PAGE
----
The can also include what are commonly called “handoff errors.” These errors occur when clinically significant examination or laboratory findings about a patient are either inaccurately reported or omitted altogether when a patient is transferred from the care of one doctor, nurse or other healthcare professional to another. This kind of poor communication among medical professionals, particularly between different shifts of nurses and technicians, can prove deadly.
In the initial assessment of a patient, a medical professional should inquire about such factors as prior illness, medications the patient is taking, medications the patient is allergic to, disease or immunodeficiency the patient suffers or the patient’s possible occupational exposure to chemicals or other toxins. Lack of information in any of these areas can lead to a missed diagnosis or adverse reaction to treatment.
3. Testing Errors
Failing to order necessary tests such as X-ray, MRI or blood tests can lead to missed or incorrect diagnosis. In some ERs, physicians rely on outmoded tests. Additionally, incorrect analysis or understanding of test or lab results can lead to incorrect treatment or lack of treatment.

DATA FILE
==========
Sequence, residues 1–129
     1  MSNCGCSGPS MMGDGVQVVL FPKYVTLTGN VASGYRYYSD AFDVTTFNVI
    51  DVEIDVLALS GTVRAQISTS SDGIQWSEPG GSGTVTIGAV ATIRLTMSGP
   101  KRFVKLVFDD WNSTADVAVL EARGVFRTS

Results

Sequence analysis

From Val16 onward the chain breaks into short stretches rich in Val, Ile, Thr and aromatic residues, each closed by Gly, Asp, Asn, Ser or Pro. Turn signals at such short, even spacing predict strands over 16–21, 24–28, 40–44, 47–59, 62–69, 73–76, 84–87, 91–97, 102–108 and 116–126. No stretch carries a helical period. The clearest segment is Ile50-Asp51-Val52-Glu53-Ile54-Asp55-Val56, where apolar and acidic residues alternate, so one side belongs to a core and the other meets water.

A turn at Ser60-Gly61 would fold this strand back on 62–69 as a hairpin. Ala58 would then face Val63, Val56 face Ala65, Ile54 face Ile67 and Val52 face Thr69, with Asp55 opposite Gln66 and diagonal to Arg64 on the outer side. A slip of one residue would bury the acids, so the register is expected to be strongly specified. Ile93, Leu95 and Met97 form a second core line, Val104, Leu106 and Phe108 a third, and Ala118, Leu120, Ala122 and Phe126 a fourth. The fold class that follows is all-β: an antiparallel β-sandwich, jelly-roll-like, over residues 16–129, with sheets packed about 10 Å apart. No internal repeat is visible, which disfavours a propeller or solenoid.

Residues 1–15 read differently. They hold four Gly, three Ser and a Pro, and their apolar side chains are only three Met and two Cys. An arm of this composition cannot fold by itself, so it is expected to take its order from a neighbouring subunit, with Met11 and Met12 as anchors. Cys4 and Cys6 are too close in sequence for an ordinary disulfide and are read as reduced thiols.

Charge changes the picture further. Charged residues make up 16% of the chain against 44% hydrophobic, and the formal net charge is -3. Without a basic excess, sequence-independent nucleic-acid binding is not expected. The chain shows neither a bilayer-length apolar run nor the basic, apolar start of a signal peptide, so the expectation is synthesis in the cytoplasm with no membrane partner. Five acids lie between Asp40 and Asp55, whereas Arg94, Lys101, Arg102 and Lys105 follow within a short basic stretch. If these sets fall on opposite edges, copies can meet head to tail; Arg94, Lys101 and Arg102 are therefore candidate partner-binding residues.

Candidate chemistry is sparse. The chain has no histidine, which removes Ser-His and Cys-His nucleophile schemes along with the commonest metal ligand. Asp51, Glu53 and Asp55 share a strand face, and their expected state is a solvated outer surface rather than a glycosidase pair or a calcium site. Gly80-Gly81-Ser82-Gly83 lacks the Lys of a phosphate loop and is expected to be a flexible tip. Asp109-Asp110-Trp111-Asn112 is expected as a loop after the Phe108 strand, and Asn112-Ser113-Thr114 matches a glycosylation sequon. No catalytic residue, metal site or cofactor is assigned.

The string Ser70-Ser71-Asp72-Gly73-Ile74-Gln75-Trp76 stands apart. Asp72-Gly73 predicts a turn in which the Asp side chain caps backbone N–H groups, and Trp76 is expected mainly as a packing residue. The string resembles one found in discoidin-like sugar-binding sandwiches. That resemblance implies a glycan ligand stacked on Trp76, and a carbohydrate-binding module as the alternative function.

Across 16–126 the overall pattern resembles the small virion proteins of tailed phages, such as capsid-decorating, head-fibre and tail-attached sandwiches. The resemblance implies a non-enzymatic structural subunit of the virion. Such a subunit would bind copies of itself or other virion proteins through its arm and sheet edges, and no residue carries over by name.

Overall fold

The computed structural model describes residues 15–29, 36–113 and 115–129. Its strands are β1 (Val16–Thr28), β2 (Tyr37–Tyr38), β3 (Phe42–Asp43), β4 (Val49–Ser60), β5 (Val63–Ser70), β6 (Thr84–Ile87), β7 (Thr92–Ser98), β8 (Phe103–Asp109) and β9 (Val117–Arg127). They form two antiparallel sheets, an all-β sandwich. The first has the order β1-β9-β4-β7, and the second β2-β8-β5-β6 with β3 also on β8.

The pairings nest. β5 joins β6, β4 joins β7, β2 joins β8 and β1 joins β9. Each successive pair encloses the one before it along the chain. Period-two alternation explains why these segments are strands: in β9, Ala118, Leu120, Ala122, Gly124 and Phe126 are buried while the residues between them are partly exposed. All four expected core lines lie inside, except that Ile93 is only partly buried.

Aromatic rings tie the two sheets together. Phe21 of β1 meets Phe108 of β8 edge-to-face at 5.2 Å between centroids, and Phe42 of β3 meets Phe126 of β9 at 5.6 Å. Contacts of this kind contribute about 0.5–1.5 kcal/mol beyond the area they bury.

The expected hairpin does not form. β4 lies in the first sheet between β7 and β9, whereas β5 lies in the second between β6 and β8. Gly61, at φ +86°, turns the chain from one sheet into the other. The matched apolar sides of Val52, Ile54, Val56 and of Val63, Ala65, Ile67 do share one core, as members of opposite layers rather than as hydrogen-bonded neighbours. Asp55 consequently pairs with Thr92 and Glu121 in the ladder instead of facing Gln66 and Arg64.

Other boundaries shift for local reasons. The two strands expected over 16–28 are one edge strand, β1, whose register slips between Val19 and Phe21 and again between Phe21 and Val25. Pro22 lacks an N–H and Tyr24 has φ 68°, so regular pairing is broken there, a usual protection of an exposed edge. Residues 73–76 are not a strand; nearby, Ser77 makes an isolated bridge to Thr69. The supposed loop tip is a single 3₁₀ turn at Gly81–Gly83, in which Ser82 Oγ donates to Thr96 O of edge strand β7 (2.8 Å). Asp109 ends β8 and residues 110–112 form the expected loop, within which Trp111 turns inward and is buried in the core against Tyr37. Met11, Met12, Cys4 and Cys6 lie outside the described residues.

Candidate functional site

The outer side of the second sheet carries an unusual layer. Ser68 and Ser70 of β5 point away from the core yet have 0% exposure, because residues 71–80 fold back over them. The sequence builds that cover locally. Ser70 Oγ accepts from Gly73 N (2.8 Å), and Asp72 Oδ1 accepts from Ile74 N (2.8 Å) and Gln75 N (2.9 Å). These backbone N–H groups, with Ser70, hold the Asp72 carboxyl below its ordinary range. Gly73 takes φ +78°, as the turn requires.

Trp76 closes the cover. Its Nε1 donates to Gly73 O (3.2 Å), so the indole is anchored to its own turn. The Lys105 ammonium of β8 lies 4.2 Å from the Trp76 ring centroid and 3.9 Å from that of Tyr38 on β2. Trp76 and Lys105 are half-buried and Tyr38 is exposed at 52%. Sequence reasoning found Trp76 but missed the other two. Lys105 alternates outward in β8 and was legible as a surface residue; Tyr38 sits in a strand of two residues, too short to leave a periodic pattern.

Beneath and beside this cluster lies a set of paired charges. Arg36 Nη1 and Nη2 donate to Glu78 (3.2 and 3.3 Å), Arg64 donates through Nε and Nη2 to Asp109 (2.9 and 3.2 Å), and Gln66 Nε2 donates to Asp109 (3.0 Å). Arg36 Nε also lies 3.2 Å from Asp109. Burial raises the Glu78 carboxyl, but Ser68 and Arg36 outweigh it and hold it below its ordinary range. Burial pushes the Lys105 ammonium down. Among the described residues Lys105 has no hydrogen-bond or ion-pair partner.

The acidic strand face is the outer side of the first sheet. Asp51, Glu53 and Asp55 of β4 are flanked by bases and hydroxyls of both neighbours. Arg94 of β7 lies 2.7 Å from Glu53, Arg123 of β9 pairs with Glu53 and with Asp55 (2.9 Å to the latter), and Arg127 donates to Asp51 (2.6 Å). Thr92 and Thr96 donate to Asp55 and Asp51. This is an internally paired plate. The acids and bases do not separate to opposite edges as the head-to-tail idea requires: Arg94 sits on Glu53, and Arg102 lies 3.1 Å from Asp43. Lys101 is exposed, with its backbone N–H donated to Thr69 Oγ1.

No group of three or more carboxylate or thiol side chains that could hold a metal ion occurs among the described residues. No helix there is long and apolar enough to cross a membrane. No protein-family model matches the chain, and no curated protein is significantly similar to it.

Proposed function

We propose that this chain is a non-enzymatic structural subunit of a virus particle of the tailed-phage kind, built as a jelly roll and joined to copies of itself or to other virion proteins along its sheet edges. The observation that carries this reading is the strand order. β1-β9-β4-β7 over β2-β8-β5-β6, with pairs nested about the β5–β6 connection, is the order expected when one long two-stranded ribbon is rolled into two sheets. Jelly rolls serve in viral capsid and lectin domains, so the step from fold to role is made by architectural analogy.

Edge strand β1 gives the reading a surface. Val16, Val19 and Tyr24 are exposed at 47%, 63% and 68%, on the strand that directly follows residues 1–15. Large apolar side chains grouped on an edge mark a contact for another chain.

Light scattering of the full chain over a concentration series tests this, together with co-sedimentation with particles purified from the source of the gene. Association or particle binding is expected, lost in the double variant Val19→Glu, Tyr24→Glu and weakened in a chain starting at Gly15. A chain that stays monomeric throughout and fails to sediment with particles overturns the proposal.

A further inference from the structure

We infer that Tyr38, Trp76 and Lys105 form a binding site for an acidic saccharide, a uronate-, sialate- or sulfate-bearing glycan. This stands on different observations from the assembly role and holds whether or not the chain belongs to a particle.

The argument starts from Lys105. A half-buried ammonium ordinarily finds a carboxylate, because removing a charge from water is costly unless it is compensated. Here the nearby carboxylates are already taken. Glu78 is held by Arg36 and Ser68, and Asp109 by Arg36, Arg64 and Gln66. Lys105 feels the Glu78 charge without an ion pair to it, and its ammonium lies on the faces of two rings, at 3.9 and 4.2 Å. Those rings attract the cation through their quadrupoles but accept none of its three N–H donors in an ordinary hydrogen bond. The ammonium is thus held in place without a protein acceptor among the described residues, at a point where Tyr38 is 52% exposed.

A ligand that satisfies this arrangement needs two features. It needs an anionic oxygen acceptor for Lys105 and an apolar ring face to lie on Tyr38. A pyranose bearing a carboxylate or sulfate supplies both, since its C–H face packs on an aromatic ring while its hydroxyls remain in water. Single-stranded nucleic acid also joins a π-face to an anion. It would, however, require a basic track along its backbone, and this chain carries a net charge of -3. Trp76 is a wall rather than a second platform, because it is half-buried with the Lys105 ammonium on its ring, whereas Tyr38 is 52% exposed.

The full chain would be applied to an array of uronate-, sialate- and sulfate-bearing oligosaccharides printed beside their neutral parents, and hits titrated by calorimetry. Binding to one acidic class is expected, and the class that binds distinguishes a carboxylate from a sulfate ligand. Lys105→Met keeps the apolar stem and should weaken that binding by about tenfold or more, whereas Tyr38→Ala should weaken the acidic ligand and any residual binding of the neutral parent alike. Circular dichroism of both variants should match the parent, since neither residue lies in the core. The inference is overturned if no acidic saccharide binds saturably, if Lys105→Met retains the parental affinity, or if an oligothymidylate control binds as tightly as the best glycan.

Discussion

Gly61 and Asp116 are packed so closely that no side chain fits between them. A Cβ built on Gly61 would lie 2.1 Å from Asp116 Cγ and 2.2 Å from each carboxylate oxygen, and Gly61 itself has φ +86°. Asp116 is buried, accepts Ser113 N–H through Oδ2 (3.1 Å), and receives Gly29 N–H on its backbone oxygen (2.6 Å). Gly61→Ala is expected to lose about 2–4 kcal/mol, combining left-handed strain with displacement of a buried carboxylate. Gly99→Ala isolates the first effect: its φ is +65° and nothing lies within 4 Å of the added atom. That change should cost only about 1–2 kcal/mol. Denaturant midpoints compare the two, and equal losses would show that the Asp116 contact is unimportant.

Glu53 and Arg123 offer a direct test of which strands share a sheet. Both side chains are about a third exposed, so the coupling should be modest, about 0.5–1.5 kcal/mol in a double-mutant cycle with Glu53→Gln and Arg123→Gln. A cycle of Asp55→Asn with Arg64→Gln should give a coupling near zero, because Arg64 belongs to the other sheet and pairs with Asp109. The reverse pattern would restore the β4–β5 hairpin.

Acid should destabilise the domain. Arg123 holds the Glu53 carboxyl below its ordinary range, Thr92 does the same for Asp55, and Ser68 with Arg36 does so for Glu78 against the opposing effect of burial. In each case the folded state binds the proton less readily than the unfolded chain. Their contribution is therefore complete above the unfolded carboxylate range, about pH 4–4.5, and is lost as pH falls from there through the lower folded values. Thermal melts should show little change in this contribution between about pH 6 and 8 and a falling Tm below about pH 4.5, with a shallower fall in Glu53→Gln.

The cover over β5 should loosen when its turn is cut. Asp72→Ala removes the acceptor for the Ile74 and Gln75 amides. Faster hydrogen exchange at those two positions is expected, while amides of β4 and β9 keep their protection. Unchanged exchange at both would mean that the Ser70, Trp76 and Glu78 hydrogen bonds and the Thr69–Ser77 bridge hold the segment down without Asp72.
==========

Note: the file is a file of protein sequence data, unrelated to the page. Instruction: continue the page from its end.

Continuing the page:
4. Medication Errors
A study that called for onsite ER pharmacists as a means of reducing medication errors said common errors in emergency departments include medications prescribed but not ordered, medications ordered but not given and inappropriate delays in obtaining and administering medications. Over 13 times more errors were recorded in the ERs that did not have a pharmacist present compared to ones with pharmacists present, the study’s authors said.
Medication errors include prescribing and administering improper medication as well as administering medications in the wrong dosage. Lack of a complete medical history from a patient can exacerbate medication problems if a medication newly administered in the emergency room reacts badly with one the patient is already taking or is a medication the patient is allergic to.
5. ER Policy and Procedure